Économie et Statistique n° 349-350 - 2001The European panel: a new statistical source on households
The Influence of Precautionary Savings on Job Seeking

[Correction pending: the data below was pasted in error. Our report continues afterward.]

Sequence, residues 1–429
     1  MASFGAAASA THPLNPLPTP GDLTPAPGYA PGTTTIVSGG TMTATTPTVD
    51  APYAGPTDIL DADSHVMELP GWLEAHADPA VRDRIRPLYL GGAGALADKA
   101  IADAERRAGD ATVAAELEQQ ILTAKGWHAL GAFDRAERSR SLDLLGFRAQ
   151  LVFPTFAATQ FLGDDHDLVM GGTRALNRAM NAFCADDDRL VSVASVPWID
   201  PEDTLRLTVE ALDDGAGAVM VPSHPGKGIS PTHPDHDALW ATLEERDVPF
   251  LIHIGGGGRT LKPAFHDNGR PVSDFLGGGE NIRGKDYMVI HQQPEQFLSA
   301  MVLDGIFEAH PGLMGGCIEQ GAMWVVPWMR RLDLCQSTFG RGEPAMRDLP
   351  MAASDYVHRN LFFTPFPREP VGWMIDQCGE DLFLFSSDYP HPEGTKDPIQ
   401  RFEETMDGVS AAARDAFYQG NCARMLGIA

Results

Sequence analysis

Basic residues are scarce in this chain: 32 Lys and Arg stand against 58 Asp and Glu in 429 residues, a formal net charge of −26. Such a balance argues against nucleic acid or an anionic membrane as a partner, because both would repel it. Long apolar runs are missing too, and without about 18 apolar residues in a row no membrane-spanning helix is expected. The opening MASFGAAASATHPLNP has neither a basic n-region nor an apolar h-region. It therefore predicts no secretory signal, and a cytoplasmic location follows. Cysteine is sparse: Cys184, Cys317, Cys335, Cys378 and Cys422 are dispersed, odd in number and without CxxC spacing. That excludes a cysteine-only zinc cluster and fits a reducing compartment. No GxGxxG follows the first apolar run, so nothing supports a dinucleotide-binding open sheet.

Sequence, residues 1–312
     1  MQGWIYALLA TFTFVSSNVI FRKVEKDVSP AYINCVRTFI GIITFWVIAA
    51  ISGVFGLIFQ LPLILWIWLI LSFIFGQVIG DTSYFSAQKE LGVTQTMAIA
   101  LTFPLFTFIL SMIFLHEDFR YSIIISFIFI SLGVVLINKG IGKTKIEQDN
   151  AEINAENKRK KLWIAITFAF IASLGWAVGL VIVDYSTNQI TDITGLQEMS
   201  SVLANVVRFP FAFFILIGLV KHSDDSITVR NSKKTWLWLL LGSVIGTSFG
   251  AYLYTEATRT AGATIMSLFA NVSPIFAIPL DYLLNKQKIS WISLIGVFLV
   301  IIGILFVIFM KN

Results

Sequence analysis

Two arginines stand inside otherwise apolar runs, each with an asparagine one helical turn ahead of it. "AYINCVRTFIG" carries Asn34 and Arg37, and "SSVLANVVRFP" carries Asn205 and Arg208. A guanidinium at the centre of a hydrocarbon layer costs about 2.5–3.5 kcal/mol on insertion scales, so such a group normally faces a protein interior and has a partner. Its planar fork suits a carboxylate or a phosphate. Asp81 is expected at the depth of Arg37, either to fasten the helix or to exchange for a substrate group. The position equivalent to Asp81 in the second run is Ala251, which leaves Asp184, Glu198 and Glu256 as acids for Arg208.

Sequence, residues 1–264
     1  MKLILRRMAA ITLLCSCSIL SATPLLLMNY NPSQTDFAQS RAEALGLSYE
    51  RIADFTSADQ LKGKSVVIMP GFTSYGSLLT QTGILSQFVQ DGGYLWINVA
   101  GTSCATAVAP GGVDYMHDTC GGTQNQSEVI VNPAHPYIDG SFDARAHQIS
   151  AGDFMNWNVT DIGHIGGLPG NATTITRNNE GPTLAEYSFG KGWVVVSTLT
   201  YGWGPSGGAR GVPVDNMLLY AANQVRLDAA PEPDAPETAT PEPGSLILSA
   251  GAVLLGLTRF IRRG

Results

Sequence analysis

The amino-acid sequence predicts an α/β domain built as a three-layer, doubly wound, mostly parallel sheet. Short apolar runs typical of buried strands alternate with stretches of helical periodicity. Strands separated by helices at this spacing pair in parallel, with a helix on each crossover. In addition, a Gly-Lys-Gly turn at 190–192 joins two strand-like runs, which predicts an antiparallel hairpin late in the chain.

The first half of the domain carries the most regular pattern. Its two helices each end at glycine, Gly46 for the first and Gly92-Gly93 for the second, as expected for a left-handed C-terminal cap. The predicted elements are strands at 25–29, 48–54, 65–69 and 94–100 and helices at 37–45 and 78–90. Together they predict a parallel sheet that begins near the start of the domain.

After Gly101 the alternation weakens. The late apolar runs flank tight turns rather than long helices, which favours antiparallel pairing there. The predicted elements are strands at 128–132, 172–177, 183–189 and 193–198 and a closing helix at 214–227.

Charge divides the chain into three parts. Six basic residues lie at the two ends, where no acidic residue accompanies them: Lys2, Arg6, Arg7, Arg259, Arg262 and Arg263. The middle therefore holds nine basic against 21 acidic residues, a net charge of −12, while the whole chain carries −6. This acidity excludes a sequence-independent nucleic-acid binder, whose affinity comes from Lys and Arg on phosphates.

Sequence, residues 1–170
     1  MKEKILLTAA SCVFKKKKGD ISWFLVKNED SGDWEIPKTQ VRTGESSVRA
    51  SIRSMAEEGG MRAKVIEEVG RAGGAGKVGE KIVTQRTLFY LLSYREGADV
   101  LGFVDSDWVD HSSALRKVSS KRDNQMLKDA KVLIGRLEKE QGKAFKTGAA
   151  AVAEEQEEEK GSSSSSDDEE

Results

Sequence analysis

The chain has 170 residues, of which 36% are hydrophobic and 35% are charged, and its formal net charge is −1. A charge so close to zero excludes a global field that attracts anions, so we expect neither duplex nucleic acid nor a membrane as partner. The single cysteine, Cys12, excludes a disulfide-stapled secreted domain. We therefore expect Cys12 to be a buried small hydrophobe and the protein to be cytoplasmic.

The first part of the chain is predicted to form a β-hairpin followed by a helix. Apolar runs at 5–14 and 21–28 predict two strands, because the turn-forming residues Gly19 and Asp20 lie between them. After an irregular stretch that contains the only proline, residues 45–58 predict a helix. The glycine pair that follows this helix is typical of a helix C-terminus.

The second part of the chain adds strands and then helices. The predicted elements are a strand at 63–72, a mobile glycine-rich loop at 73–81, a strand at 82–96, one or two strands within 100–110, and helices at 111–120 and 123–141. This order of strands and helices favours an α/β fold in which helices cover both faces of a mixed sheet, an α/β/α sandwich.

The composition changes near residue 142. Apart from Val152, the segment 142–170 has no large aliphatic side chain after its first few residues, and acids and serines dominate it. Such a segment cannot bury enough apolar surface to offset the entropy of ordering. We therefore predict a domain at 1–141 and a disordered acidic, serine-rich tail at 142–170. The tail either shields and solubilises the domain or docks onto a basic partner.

Lack of available data has hitherto limited the study of the effect of unemployment insurance mechanisms on the labour supply to the social security system in the form of unemployment benefits. However, the 1990s saw more and more households building precautionary savings to round out the partial compensation provided for by this system. For one of the first times ever, the European Household Panel is used to measure the impact of this self-insurance on the unemployed's labour supply behaviour using information on job seekers' working patterns, incomes and assets. These precautionary savings enable the unemployed to be more selective in their job seeking: the higher the savings, the higher the minimal wage required to accept a job offer (reservation wage). Job seekers without savings remain unemployed longer than those with savings. However, the higher the level of savings, the longer the period of unemployment. Nevertheless, this influence is only significant above an assets level of 4,600 euros (30,000 French francs), which is more or less equivalent to one year of unemployment benefits on average. Hence these precautionary savings only affect the job-seeking strategies of those with savings levels equivalent to unemployment benefits. As regards the type of savings, only the savings passbook system provides the level of liquidity required to play the role of precautionary savings guarding against labour market risks.